In the Documentary Inequality for All, scholar Robert Reich investigates the wobbling facts on unequal distribution of wealth between the hierarchy of today’s society(rich,middle,poor) and its devastating effects on the American economy. Particularly, he focuses on the fact that our middle class, which contributes to 70% of our economy, is being limited in its growth by the wealthy that make up as little as only 1% of society, but income wise they make more money than half of the country. He begins the documentary by explaining that in the late 1970’s inequality became a major issue, not particularly on the basis of a declining economy, in contrast he also clarifies that there was steady ride of the GDP (gross domestic product). The majority faces this problem due to the unrivaled income of the American workforce in comparison to the exaggerated prices of health-care, college, housing and day to day living costs. Expenditure and wages are two statistics that go hand in hand. If expenditures increase for American households, so must the wages of workers, instead many saw a decrease or stagnation of wages throughout the economic breakdown and even to this date.
Reich describes this decline as a “huge gap”, and this very gap between income and rising economy has become a concern to all Americans that belong to our middle class. This economy got swept into a “vicious” cycle as explained by Reich, a cycle in which the decline of wages spelled doom for consumer spending, which led to a unsettling and troublesome economy for all. At first the majority of middle class relied on borrowing from banks to help them through their struggle of balancing high living costs and low income. Another coping mechanism that kept the middle class by the ropes was that the women of the country began stepping into the workforce to share the burden of responsibilities of their households. However, these efforts did not amount to much in the face of two critical issues; globalization and new technology. This hidden comradery has been responsible for being a faithful contributor to the flattening wages since the 1970’s. The captain of the online shopping platform Amazon.com, is a great example and one such company that is responsible for erasing many small businesses off the face of the market. Online businesses do provide efficiency and customer satisfaction, but these businesses have fewer jobs when compared to businesses in the past that performed the same task as Amazon does, but had many more workers, thus, had many more jobs.
With higher living standards and not enough lucrative income the middle class struggles with only enough to make it to the next day while the wealthy keep piling up unbelievable amounts of money. With accreting inequality on the middle class, they are forced to battling hurdles that make their efforts of moving up the ladder in life all the more difficult. Reich implores that the attention of the masses needs to be shifted towards the working class, foremost with their education. Prepping our workforce to specialize and become well-educated, will help them thrive and also add to a vision of a thriving stable economy; making education affordable and investing on the masses will not only spell success for the middle class society, but also the rich alike that employs majority of its workforce from the middle and poor classes. Education empowers us all.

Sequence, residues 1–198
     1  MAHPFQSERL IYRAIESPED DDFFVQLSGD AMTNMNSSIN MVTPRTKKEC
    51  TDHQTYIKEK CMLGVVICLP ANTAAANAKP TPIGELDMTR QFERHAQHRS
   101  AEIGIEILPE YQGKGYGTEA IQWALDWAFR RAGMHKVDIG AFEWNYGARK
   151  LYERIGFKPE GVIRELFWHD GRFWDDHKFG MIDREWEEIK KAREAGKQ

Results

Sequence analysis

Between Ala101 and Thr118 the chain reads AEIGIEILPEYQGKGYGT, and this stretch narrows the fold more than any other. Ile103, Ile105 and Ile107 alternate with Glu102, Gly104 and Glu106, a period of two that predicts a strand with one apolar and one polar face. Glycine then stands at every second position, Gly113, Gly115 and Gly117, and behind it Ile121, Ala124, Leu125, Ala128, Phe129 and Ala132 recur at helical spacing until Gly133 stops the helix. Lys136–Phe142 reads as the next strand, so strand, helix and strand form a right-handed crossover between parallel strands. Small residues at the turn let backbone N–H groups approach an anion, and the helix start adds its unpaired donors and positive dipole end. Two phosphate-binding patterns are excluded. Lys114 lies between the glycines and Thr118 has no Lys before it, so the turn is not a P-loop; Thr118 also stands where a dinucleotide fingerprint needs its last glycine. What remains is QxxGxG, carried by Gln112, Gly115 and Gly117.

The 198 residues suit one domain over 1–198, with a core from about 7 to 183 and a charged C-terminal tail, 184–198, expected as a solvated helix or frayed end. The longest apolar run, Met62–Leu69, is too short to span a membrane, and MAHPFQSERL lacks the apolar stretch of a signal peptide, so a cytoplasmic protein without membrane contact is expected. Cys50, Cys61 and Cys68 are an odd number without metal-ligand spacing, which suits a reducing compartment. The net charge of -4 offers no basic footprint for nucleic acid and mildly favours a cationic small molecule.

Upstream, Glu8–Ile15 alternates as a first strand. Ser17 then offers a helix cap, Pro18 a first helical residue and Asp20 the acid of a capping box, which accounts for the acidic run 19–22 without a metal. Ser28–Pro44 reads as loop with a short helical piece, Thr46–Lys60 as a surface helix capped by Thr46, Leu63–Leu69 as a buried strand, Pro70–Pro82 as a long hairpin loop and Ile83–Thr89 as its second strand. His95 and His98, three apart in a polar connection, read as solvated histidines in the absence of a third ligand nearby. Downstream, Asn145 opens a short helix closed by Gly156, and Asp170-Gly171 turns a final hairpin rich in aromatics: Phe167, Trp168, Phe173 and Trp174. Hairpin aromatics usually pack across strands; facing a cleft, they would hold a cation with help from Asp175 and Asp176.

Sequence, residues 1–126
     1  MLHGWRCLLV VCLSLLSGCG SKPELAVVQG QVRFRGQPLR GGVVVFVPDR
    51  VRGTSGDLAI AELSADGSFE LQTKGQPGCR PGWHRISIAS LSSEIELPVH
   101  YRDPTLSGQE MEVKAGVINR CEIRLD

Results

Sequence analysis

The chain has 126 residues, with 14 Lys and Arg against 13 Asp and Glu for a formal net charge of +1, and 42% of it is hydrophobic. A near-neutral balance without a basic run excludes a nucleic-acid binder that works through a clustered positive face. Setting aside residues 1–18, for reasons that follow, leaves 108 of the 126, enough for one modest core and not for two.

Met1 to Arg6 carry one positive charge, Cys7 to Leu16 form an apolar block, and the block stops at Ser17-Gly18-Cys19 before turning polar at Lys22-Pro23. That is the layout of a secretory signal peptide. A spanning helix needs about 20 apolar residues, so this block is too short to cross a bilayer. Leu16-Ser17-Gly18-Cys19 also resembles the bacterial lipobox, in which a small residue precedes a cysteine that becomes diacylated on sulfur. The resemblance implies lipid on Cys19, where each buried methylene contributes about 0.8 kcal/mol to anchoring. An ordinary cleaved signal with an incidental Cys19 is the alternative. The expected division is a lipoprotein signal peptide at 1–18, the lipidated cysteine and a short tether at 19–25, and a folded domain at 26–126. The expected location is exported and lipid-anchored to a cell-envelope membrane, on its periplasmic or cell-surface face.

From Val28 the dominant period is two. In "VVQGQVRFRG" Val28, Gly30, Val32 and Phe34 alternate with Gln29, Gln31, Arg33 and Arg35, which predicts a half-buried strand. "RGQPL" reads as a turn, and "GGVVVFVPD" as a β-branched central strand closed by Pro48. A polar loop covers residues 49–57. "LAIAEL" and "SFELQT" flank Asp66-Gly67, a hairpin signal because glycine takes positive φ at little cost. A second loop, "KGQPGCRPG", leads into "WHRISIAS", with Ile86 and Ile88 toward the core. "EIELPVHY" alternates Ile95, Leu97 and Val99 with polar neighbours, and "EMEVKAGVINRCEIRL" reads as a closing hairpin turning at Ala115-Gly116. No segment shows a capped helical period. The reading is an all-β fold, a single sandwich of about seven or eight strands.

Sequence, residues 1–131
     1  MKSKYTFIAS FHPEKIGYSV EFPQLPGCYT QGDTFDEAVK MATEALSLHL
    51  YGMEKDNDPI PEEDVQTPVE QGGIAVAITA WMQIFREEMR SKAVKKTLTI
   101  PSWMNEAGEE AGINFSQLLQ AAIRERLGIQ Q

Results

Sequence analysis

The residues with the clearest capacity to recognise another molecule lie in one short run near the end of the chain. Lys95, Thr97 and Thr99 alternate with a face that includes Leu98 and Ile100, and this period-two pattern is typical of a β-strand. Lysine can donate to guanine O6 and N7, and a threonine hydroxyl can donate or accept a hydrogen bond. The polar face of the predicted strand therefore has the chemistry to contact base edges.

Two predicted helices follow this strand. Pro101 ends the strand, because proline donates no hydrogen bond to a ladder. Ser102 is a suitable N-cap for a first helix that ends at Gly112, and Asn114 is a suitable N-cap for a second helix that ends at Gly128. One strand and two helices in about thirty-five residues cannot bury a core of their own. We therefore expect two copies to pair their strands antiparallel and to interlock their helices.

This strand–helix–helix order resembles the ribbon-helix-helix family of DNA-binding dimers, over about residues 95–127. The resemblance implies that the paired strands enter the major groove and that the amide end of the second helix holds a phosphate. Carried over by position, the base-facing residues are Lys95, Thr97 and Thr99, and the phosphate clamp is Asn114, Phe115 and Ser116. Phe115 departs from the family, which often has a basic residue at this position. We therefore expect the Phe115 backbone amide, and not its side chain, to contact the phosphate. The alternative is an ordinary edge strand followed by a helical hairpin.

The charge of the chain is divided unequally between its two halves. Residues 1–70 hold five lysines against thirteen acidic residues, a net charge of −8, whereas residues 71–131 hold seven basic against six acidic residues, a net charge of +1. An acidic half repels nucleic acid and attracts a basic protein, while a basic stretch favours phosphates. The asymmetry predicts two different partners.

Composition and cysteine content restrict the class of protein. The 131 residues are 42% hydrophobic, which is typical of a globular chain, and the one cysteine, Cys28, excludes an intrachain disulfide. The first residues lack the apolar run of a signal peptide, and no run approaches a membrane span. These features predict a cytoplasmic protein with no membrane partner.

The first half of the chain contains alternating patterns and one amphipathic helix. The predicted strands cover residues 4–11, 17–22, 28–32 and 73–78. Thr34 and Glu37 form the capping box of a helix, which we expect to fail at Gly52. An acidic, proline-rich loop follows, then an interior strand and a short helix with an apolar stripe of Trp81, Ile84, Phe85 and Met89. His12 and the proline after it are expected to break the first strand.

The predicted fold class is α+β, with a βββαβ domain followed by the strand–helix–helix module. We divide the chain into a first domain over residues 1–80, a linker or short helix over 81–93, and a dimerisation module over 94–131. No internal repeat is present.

The rich elites of our society seem to have this misconception that they do enough since they provide jobs, and think that if it weren’t for their role of creating jobs, that our economy would be in the slumps. They use this very notion to argue on issues of being taxed too much and that the “job creators” are being attacked. In retrospect, they are not making any efforts towards making the economy better or dare I say “equal”(ideally) for all. The rich making over six figure salaries a year manage to pay 15% on taxes while the average middle class male/female that makes anywhere from $25,000 to $75,000 a year gets taxed double, paying an average of 30% or more on their taxes.
In the U.S., when income inequality was at its lowest (1950s), the top marginal tax rate was highest (91%). Prior to the Reagan administration, the top rate was always above 70%. The current rate is now 39.6%, and income inequality is at all-time highs. Currently, as Warren Buffett explains, the “tax code is tilted towards the rich and away from the middle class.” It’s actually upside-down – those with more pay fewer taxes, than people with less. Though the top rate for wage-based income is 39.6%, the rate for income from investments (capital gains) is only 20%. That means wealthy people pay a lower tax rate than the rest of us. Examples from the film include Buffett, whose tax rate is about 17%, while the people who work in his office were paying an average of 32%; Mitt Romney paid 13.9% while Ladd and Nancy Rasmussen paid 33% (or more); and Nick Hanauer paid 11% on an eight-figure income. Hanauer says, “When you give rich people tax breaks, all in the name of job creation, all that really happens is that the fat cats get fatter, and of course that’s what’s happened over the last 30 years. It’s the signature feature of the economy.”